The director of rugby, Kobus Potgieter, is one of them. In 2007 he was working as a consultant at the Blue Bulls rugby academy in Pretoria when he was headhunted by Wild, who wanted him to help set up a rugby academy in Heidelberg. “It was a big question for me because I’d never heard of German rugby before,” Potgieter says. It is, he admits, very much “a minority sport” but there are still around 120 clubs in Germany and Potgieter estimates there are about 3,000 adult male players.

Germany was once a strong rugby country. The first clubs were set up in the 1870s, and in the 1920s and 30s the national team regularly beat Italy, Romania and even France. But most of those players died in the second world war and afterwards the sport was crowded out by football. It became a university game, which is how Wild first heard of it. “My father was an Olympic rower and also a rugby player,” he says. “When you’re a student in Germany you row in summer and play rugby in winter, so my dad was very much in it.”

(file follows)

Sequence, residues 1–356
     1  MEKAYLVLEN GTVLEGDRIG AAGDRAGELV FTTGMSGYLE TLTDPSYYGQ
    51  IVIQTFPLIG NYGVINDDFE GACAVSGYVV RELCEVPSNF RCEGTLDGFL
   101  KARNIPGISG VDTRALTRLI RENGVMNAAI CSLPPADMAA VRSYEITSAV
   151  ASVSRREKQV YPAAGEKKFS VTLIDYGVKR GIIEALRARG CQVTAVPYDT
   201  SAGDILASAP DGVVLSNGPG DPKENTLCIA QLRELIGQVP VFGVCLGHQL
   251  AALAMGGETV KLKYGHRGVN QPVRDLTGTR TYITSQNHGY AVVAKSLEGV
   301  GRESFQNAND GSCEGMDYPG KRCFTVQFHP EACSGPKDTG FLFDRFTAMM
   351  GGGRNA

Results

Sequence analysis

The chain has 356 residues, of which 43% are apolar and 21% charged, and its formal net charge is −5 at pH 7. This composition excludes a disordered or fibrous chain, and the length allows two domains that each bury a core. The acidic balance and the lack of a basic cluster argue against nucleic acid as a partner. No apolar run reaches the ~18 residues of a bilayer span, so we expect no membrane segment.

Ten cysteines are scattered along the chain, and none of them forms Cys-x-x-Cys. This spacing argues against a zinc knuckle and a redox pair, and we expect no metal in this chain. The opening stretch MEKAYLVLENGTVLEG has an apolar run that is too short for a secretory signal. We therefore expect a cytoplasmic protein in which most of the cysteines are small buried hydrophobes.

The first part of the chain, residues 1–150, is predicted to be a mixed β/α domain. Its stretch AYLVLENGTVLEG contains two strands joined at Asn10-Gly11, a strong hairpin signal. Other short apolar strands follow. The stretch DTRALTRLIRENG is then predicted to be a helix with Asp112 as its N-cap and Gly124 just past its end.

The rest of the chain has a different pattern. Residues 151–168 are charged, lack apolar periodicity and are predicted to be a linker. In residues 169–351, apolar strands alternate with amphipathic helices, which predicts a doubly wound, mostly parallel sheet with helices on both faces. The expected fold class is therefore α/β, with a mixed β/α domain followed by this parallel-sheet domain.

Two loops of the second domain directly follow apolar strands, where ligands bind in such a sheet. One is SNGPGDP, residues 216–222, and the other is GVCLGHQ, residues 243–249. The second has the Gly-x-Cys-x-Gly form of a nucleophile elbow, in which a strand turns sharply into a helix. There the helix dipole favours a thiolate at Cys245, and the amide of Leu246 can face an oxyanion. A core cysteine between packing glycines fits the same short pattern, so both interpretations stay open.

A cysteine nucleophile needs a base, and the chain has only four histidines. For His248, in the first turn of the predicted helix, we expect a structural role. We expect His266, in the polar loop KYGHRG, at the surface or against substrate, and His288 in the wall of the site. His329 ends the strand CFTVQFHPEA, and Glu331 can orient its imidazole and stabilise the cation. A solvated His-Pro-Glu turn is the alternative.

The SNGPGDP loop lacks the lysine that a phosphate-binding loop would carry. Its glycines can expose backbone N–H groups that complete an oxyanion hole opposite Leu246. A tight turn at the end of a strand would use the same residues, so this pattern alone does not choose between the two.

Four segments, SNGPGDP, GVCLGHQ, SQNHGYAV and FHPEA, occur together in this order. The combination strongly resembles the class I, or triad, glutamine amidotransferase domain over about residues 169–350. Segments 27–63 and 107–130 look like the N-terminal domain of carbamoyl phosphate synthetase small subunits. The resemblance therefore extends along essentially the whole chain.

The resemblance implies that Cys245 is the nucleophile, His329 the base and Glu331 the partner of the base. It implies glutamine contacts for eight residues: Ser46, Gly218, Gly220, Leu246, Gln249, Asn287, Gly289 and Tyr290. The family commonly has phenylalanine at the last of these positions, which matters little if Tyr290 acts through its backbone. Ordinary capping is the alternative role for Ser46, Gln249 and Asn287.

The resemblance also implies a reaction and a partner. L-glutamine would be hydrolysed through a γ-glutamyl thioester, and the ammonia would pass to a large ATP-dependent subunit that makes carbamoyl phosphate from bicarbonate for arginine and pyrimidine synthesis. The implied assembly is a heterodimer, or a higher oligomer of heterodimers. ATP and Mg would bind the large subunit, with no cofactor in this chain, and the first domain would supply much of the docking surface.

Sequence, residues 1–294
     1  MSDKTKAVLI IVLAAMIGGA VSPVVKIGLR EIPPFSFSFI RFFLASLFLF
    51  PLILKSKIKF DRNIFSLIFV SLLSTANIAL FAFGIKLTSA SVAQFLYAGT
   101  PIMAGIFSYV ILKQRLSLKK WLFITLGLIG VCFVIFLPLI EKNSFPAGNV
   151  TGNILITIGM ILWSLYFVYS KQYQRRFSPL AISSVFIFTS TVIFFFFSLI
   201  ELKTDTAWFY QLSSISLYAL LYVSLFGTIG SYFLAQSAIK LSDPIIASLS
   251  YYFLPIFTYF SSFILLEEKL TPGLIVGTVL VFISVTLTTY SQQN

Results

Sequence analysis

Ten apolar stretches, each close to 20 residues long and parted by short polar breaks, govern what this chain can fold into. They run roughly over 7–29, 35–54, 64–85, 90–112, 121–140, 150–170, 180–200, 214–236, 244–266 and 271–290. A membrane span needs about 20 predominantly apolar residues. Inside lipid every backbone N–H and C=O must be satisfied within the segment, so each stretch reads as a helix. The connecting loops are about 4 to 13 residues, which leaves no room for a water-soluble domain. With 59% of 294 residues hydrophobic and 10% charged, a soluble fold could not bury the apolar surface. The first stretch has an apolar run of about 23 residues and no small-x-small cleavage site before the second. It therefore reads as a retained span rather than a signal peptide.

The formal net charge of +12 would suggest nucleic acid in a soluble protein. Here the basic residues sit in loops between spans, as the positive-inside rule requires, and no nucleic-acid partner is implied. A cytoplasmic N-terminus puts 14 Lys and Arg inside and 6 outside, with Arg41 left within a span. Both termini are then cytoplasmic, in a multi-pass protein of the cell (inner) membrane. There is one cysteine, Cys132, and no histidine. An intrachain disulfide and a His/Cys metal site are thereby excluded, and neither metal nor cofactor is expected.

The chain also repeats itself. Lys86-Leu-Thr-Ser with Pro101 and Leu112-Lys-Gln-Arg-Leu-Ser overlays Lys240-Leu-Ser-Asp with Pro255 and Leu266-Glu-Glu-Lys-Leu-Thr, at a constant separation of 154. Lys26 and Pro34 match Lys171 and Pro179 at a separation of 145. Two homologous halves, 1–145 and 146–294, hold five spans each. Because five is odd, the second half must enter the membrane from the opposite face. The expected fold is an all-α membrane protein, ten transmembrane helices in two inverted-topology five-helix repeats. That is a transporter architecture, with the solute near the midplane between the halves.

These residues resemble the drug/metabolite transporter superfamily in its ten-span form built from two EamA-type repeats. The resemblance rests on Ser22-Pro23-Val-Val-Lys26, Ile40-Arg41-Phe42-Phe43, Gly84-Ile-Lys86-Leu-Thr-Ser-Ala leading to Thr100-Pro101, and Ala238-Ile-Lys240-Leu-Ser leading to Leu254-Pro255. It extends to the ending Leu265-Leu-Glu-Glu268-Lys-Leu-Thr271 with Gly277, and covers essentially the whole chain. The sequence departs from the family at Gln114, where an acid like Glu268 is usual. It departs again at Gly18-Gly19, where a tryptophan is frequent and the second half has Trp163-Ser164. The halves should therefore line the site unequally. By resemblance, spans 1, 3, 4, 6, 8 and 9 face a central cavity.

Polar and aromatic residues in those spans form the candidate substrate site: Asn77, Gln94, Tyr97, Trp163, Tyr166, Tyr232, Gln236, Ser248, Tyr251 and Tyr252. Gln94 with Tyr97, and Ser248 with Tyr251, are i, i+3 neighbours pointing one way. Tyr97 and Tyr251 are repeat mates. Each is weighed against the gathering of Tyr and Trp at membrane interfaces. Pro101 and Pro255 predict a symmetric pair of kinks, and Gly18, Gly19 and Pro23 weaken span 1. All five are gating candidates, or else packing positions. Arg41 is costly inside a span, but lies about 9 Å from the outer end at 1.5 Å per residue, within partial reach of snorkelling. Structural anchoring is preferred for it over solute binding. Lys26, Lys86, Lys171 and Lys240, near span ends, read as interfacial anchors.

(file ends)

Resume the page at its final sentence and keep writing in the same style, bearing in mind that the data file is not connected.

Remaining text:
Wild never played himself but he is a great believer in what he calls “the values” of the sport. “Those principles of integrity, respect, passion, discipline and teamwork should be appreciated and taught because I think they’re needed more than ever,” he says. Football, he says, has a “hooligan” problem. His mentions his friend Dietmar Hopp, who invested his millions building the football club TSG Hoffenheim. “After 20 years he is still being personally attacked because of it”. Hopp recently sued a group of fans for abusing him.